In a recent blog post, we heard from CJ O’Hara, a Chicago-based advocate with lived experience, about resources and other ideas for those getting started in affordable housing advocacy. In particular, CJ mentions the importance of ensuring your voice is heard by communicating directly with members of Congress. But doing so can seem a little overwhelming to new advocates. How do you even go about getting in touch with a congressperson? In this post, we overview four easy methods of direct advocacy: (1) emails; (2) physical letters; (3) phone calls; and (4) face-to-face meetings.


Emails are the simplest way to make your voice heard. Unlike physical letters, emails don’t have to go through a lengthy security process before they reach a congressperson, and they’re preferred by many congressional staffers because they can be archived and organized easily. On the other hand, the simplicity of sending an email means that congressional offices receive tens of thousands of them every month, so advocates should focus on crafting emails that are as engaging as possible. One way to do this is through storytelling: by combining your own personal story with facts and figures, you can add emotional weight to your message while personalizing it in a way that’s more likely to be remembered by the reader.

NLIHC makes it easy to email your members of Congress through its Legislative Action Center. Click on the policy priority you want to contact your congressional offices about, enter your contact information to identify your members of Congress, personalize the email template, and click send! You can also increase the likelihood that your email has an impact by sending it directly to the particular staff who work on housing issues. If you can’t find their email address, email NLIHC’s Field Team at to ask for help.


Many new advocates believe that sending a physical letter is one of the best ways to communicate with an elected official. It’s not – at least not anymore. These days, physical letters must pass through complicated, time-consuming security processes that delay their delivery, making them entirely unsuitable for advocacy involving any amount of urgency.  Yet physical letters can be used to advocate for long-term, less time-sensitive policy goals. As with emails, make sure to craft a rhetorically compelling letter and mail it to the right staff person. Also note that unlike emails, addressing physical letters requires using these standardized address blocks:


The Honorable [full name of official]

ATTN: Housing Staffer

United States Senate

Washington, DC 20510

House of Representatives

The Honorable [full name of official]

ATTN: Housing Staffer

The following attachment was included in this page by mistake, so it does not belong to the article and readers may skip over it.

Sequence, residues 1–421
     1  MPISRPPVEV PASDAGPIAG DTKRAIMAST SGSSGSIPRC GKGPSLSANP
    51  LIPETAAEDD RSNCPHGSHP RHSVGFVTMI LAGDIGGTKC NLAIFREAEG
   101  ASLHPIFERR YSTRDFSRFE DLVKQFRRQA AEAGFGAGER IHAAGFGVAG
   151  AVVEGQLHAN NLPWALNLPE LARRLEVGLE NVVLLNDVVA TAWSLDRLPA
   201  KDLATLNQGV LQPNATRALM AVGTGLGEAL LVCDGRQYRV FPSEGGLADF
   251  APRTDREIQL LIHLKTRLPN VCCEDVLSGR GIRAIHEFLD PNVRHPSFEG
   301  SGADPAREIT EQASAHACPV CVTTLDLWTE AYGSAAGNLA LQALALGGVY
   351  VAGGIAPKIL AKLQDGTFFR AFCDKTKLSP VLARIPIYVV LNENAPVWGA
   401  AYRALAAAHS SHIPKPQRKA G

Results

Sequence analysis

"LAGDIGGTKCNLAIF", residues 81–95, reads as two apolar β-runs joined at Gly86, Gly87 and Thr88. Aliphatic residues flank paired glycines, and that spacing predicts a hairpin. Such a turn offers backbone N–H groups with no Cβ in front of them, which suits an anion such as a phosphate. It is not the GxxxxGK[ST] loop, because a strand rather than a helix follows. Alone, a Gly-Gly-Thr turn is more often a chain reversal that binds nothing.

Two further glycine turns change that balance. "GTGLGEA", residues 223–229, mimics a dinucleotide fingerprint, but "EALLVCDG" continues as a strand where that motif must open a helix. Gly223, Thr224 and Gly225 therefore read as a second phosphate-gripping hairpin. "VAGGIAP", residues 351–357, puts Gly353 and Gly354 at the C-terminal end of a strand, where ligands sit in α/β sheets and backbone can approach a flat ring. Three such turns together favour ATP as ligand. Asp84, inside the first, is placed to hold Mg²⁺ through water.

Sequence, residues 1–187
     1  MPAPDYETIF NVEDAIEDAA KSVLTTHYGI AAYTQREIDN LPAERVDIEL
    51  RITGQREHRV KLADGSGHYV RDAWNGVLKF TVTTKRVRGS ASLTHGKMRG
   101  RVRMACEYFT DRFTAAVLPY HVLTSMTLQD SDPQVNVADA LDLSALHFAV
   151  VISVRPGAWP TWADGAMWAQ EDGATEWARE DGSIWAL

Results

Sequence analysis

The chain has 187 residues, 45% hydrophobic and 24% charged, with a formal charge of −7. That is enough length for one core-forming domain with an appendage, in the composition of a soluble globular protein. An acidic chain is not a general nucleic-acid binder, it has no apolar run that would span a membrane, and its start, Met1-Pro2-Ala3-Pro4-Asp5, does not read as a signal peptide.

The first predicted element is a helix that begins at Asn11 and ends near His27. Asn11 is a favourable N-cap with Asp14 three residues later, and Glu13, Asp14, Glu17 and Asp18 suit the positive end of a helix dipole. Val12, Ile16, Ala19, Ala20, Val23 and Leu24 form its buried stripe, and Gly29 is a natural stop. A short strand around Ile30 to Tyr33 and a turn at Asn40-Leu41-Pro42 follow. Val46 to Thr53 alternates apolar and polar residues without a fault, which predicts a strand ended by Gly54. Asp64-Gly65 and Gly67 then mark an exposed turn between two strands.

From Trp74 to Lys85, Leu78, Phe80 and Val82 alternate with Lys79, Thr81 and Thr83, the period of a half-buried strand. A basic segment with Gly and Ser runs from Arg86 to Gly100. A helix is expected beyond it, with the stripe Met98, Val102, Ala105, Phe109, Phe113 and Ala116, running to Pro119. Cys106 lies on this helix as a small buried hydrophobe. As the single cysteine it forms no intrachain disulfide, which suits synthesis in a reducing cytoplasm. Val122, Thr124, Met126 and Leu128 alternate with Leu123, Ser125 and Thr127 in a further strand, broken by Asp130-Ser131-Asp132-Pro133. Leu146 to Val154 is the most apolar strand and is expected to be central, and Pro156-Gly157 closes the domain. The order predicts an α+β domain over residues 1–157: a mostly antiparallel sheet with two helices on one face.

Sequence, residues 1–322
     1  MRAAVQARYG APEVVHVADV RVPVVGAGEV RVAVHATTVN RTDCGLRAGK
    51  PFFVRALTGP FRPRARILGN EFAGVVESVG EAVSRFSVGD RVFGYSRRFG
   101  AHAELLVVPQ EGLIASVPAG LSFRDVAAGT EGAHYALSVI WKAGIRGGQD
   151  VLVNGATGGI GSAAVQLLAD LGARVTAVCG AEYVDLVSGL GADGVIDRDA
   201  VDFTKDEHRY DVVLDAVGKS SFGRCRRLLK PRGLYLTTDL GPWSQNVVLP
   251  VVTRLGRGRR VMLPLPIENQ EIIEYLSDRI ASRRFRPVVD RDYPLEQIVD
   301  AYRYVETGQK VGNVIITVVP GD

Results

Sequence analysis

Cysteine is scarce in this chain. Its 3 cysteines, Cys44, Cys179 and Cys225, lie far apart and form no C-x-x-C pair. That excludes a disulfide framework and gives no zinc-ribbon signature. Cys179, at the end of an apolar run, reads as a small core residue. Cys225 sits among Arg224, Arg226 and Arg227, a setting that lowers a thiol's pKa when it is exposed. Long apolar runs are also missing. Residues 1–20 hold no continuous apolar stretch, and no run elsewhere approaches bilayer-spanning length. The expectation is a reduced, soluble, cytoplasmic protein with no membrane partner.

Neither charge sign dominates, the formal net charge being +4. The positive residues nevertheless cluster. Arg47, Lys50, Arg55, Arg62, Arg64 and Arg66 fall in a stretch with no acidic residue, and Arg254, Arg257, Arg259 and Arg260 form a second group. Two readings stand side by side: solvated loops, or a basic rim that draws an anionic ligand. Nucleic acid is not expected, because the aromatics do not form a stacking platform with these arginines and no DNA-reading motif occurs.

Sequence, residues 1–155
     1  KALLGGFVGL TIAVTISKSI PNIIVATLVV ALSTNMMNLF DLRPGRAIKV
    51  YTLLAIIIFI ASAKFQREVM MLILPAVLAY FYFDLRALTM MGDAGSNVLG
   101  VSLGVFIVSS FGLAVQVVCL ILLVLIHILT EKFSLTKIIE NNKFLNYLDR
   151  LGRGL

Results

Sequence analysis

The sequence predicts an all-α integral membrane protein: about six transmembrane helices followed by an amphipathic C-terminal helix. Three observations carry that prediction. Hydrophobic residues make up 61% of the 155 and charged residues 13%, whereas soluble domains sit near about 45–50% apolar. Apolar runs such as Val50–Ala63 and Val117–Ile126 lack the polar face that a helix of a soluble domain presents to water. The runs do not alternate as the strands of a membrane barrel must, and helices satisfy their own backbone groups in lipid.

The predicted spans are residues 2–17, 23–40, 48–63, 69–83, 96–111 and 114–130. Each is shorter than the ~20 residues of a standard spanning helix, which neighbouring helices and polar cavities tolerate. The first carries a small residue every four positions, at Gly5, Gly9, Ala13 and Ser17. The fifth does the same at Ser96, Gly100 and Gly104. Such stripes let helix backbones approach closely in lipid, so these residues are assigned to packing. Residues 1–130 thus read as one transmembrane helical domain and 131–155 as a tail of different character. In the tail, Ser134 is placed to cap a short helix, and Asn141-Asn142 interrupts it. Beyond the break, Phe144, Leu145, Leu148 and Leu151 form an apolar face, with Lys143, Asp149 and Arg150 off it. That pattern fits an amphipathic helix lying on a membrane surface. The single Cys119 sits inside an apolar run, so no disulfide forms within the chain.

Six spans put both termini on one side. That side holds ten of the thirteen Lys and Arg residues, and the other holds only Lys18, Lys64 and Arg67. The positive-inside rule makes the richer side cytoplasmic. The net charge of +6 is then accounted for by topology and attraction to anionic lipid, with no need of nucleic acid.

United States House of Representatives

Washington, DC 20515

Phone Calls

With the exception of face-to-face meetings, there’s no more direct way to make your voice heard than through a phone call. Like emails and physical letters, calls are most effective when they’re directed to the right person, so make sure you ask to speak to the housing policy staff at your congressperson’s office. Always make sure to identify yourself as a constituent and mention where you live, and have ready the names and bill numbers of any legislation you intend to advocate for. Calls are most effective when placed a few days before a vote takes place and in combination with other calls, so think about planning a call campaign with other advocates. To ensure consistency in messaging, consider creating a script that can be used (and modified) by all callers.

You can usually find the right phone numbers on your congressperson’s website. If you can’t find a number on their website, you can always call the U.S. Capitol Switchboard at 202-224-3121 and ask to be connected to the congressperson’s office.

Face-to-Face Meetings

Face-to-face meetings are still the gold standard when it comes to advocacy. But in-person meetings are also the most daunting for new advocates. They shouldn’t be, though: think of such meetings simply as conversations. As an advocate, you’re not expected to be an expert on housing policy or to have all the answers. Your job is just to relate your experiences and your thoughts about problems and solutions. Approaching a meeting as a conversation about issues important to you can reduce some of the apprehension many feel going into their first face-to-face meeting and make scheduling such meetings easier to do.

However, while the meeting may be a conversation, it’s still one you need to carefully plan for. In general, planning and executing an effective meeting involves several different steps. These include (1) scheduling the meeting; (2) crafting your agenda and your talking points; (3) creating written materials to leave behind; (4) ironing out logistics; (5) conducting the meeting; (6) and following up afterwards to thank them and to continue building a relationship with their office. Note that only one of these steps involves the actual meeting – the other five all deal with preparation or follow-up. You can find a detailed guide to each of these steps in “Advocacy and Lobbying Tips for Communities and Beyond,” an article published in NLIHC’s Advocates’ Guide 2023.

For additional advice about how to get started as an affordable housing advocate, reach out to the NLIHC housing advocacy organizer for your region.